These divine things settle as dust in the cracks around my room.
On hot days I read Frank O’Hara and eat Savers ice lollies,
hoping one of them, or both, will give me a syrupy thing to
mop up the UV.
Most days I’m wandering round a sales floor, tucking tags back
When it’s warm, I find the little spot in front of the leisurewear
Where the sun comes through Eldon Square, and I stand like a cat
I got high in the slither of Ouseburn where you can see the new
flats and the leftovers of shipyard mud at the same time.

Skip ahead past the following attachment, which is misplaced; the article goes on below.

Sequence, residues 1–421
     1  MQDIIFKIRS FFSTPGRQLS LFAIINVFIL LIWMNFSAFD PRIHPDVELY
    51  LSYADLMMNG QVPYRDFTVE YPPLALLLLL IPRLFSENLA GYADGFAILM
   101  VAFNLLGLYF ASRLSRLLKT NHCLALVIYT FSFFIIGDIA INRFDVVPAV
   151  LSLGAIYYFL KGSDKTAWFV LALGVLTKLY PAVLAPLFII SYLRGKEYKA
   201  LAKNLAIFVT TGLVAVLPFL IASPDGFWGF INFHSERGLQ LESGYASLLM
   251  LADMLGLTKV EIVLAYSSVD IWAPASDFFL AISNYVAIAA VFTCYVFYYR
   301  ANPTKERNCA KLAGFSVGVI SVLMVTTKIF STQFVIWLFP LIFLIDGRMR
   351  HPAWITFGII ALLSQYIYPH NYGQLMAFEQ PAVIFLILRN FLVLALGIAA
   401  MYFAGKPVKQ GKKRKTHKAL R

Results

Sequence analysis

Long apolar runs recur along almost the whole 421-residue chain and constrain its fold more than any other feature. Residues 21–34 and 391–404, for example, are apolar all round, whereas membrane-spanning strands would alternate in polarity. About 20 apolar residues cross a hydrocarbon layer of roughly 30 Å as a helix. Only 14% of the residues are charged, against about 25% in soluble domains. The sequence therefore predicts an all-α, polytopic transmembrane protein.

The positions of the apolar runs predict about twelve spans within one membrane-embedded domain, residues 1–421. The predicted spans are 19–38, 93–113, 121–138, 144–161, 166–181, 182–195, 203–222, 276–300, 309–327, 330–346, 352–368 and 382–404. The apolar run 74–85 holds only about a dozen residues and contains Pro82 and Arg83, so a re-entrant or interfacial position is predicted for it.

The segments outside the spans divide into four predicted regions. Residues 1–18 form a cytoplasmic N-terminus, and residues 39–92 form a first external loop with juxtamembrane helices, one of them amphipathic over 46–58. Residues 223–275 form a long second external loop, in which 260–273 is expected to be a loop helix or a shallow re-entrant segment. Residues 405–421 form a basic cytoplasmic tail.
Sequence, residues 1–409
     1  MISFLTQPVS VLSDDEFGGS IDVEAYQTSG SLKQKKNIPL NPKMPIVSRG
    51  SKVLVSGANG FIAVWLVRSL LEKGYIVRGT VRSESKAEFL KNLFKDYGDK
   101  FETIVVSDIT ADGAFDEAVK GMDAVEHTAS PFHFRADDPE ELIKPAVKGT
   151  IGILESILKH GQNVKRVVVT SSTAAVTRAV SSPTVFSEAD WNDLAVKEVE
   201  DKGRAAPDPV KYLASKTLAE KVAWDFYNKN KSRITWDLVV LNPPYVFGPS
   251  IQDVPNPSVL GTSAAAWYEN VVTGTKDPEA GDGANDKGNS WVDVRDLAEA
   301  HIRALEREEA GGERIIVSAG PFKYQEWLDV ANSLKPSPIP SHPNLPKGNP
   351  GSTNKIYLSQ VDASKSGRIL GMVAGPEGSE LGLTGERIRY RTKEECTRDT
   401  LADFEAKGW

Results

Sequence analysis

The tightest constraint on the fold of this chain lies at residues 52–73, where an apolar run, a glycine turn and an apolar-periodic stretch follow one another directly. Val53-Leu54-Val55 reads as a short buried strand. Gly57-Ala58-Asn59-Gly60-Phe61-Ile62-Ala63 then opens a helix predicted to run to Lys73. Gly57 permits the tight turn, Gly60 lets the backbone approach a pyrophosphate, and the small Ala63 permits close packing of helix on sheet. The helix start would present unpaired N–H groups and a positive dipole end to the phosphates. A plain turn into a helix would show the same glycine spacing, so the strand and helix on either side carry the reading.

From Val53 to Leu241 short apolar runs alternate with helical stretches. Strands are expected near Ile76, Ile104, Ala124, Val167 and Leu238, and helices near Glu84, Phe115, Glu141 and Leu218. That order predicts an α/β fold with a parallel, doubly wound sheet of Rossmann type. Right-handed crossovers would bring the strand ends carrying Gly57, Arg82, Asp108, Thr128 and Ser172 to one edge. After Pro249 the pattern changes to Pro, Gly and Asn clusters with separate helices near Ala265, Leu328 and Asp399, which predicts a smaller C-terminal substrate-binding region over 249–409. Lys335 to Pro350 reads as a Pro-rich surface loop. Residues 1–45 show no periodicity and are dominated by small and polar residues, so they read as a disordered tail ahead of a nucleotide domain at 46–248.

We talked about the state of the world and how we’re
all just hoping we can do something about it,
and on the way home, I rested my head against the bus window,
and watched the neon lights of the West Road blur past.
At Catholic school I never believed in a God, because most of my friends
were sad and I searched for pictures of women in private on Tumblr.
But now I’m thinking maybe there is something.
I watch documentaries about Canadian wilderness,
and I see my friends change their pronouns.
I hoover my room and open the windows wide.
I’m thinking there probably is a God,
And they’re probably living their best life up there.